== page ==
Homemade Chinese dumplings. They can be either hearty or delicate, and pretty much nothing is better — except maybe Chinese dumplings with chives. Not the wimpy little green flecks atop a baked potato… but the thick, aromatic, even pungent kind known as garlic chives.
I remember that my mother used to grow these in a little garden outside of our apartment in Michigan. They looked very similar to crabgrass, only longer and more fragrant. While she used a pair of shears to trim off stalks of the chives, I used a small pair of household scissors to snip bits of the grass and weeds that sprang up around the plot.
Nowadays, we just go to the Asian market to buy chives. They’re most bountiful in late summer or fall, but they are available pretty much year round. In Mandarin, they are known as jiu cai. In Taiwanese, they are called ku chai. The bunches they are sold in are huge and you will only need about one-third of it for the dumpling filling, so find other uses for the excess. Chives are great scrambled with eggs or stir-fried with noodles.
Many people think of homemade dumplings as a special-occasion treat. But really, they shouldn’t be.
With store-bought wrappers, Chinese dumplings can be an easy dinner. My mother and I used to wrap them regularly on weekday afternoons. She’d lay all the metal bowl of filling and a plate of wrappers in the center of the kitchen table.
Pick up a wrapper. Place a small oblong dab of filling in the middle. Dip your index finger into the small bowl of water that you keep on the table for this purpose and wet the edges of the skin.
The motions are burned into my muscle memory.
While you’re folding, start boiling water in a big pot. This is not the kind of dinner you cook and have sitting around, waiting for everyone to be seated. During dumpling nights, someone had to be constantly popping up from the table, manning the bubbling pot and scooping out each new batch of dumplings and rushing them to rest of the hungry family.
Most of the ingredients are things you probably already have in your refrigerator or pantry or can easily buy at any grocery store. Ground pork, soy sauce, rice wine, sesame oil. The only things you may need to go to an Asian market to buy are the garlic chives and the wrappers. Most large supermarkets carry dumpling skins, but Chinese markets carry a vast array of wrappers, specialized for jiao zi, guo tie, gyoza, won ton, or siu mai.
Sometimes, we’d make a big batch and freeze the extras on a floured baking sheet. Or just eat them all.
Scroll down for the recipe…
Chinese Dumplings With Chives
- 1 package Chinese dumpling wrappers (look for the ones marked jiao zi or sui jiao for making boiled dumplings)
- 1 lb. ground pork
- 2 c. chopped garlic chives
- 1 in. chunk of ginger, peeled and minced
- 2 cloves garlic, minced
- 3 Tbsp. soy sauce
- 2 Tbsp. rice wine (mi jiu)
- 2 Tbsp. cornstarch
- 1 Tbsp. sesame oil
- 1 egg, beaten
- 1 tsp. salt
- In a large bowl, add pork, wine, soy sauce, sesame oil and salt. Add chives, garlic, ginger, cornstarch and egg. Mix well, using your hands or chopsticks.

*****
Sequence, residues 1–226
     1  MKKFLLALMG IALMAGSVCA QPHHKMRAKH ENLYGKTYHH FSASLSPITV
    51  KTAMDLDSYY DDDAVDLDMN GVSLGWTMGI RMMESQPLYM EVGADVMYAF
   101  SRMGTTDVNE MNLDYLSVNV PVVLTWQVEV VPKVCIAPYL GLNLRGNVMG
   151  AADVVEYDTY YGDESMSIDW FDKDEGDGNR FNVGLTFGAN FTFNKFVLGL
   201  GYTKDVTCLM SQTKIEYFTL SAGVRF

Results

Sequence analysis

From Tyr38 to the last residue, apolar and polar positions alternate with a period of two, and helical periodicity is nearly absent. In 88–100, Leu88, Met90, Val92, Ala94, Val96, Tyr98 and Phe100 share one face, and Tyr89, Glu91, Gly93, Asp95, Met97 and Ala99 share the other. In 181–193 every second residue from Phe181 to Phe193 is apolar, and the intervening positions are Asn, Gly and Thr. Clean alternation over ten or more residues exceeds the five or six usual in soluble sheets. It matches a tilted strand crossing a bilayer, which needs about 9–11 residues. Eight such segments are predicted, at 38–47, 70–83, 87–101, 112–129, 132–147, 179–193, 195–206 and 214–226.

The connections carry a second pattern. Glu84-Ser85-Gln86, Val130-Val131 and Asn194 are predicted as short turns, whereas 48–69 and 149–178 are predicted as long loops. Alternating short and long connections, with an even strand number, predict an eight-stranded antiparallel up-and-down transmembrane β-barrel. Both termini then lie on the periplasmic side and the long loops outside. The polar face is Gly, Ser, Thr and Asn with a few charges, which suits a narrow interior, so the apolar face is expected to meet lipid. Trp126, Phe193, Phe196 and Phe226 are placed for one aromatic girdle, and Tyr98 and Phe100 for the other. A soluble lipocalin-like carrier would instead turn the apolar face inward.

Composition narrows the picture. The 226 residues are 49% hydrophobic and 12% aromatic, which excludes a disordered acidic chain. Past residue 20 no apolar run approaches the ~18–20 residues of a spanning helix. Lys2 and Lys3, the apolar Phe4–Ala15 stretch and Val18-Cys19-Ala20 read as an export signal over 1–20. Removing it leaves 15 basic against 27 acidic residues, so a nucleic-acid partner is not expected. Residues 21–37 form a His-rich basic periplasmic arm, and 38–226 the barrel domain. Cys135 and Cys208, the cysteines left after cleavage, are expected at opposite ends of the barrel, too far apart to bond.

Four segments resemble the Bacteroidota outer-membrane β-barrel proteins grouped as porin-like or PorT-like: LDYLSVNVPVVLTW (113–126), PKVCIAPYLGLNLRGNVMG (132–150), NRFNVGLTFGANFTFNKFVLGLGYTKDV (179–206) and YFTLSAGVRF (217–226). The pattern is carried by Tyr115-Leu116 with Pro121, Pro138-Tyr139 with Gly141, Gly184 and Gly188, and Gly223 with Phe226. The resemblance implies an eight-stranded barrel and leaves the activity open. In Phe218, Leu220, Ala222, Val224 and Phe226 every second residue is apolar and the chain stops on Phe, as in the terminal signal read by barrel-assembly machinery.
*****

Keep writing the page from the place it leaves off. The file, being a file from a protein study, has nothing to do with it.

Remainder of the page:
- Prepare your work area by setting a small bowl of water and hand towel nearby. Lightly Flour a flat surface, such as a cutting board or a large plate to store finished dumplings.
- Work with only a small number of wrappers at a time. I take about 1/4 of the package out to start, reserving the rest in the package or under a moist paper towel.
- Holding the wrapper flat in your left hand, place a small amount of filling in the center of the wrapper, in sort of an oval shape. About one teaspoon of filling is a good amount to start with, although the quantity will vary depending on how flexible the skins are and how proficient you are at shaping and folding the dumplings.
- Dip your right index finger in the bowl of water and run it along the edge of the wrapper.
- Cup the wrapper with its filling like a taco in the palm of your left hand. With your right hand, begin at the right corner and pinch the two edges closed. As you pinch the edges, make very small (about 1/4″) pleats along the side of the wrapper farthest from you. This gives the dumpling its slightly curved shape.
- Place the finished dumpling on the floured surface and cover them with plastic wrap or a damp cheesecloth.
- Repeat about 100 times.
- Boil a large pot of water (a stockpot, if you are feeding a crowd. A large saucepan if you are just boiling a few dumplings at a time).
- When the water reaches a rolling boil, add dumplings one at a time, being careful not to let them stick together. The pot should not be so crowded that the dumplings cannot move around.
- Add one cup cold water, and let the pot come back to near boiling.
- When the dumplings float and the skins look a little translucent they are done. Fresh dumplings that have not been frozen take about five minutes. Remove one dumpling with a slotted spoon and cut open to test for doneness.
- Serve with dipping sauces such as soy sauce, black vinegar, chili sauce, and sesame oil.
Want to freeze extra dumplings? Scroll down for tips…
To Freeze Dumplings:
Cover the floured tray of dumplings tightly with plastic wrap. Freeze about six hours or overnight until just frozen solid. Remove them to a freezer-safe zipper bag for long-term storage. Don’t store them on the tray or plate for too long, as they’ll get freezer burn easily that way. And don’t try to freeze them on a surface that isn’t floured. You’ll end up with one solid mass that is attached to the plate. Frozen dumplings will take much longer to cook, about 10 minutes.